Frank Reade (Review)

Frank Reade (Review)

There was a time in America (the late 1800’s through the early 1900’s) when gear-ratchet, chrome-lever technology seemed to be the way of the future, when airships were around-the-corner, when the unknown areas of the globe were being fully explored, and an American could go anywhere and do anything. These feeling of manifest destiny (in it’s most absolute form) was captured by the Frank Reade dime novels that came out at that time, where the plucky (and seemingly endlessly funded) Reade family ran its own factory, producing single-run vehicles (armored cars, tanks, airships and subs) with which they could explore the world and save each other (while heaping large piles of colorfully picturesque native corpses) in the process.

Ah, those were the days, when hard science and social/political consciences didn’t get in the way of a ripping good story.

So now Paul Guinan and Anina Bennett have produced a look back at this remarkable collection of stories, breathing life into the Reade legacy, attempting to caulk the gaps of reality. You don’t get complete stories in this book but rather sections of stories, giving you the gist of those time-forgotten dime novels without the mountain of pulp they represent. It’s just fun, nothing more, but quite a lot of fun it is.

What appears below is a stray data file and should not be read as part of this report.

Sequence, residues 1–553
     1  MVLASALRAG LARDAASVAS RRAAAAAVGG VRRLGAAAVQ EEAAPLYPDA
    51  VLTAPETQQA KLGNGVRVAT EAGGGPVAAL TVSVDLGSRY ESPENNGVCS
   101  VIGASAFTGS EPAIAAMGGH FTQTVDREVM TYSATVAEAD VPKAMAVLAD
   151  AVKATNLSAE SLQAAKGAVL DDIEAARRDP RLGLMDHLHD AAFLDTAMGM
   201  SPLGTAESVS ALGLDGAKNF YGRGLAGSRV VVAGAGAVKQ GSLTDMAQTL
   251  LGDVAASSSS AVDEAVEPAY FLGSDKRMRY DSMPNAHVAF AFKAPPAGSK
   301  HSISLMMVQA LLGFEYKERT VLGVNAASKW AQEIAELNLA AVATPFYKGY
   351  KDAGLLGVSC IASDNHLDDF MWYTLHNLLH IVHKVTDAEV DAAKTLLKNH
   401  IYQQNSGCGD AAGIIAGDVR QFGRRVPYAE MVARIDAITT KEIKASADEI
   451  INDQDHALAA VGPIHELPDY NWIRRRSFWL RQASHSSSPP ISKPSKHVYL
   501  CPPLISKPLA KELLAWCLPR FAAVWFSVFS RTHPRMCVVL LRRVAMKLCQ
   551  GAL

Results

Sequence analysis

It was a fun read, perhaps a little frustrating in that I found myself wanted to read just one Reade story from begriming to end, un-edited, un-sanitized. That his companions were a black and an Irishman would lend themselves to an interesting slice-of-attitudes of the times, to see what people really thought and what was acceptable (and comic) (and I’ve read the Flashman Papers, so I’m hardly about to be insulted by the way the real world was). No, while it was interesting, it was like being allowed to come into a room containing a strange and exotic feast, and being permitted to taste one or two things before being chivvied out. I found myself wanting more.

Still, in this age of unlimited (and unending) drone campaigns against generations of “fuzzy wuzzies”, its interesting to see a quaint view of Yankees potting natives from armored airships (how similar). Further, the clever efforts of the authors to make the impractical “fit” into the real world is a curious exercise. And the pictures of the grand and glorious vehicles, priceless!

A fun read, and perhaps a way for liberal parents to introduce their kids to whatever we call political correctness these days. But I mean this in a good and educational way.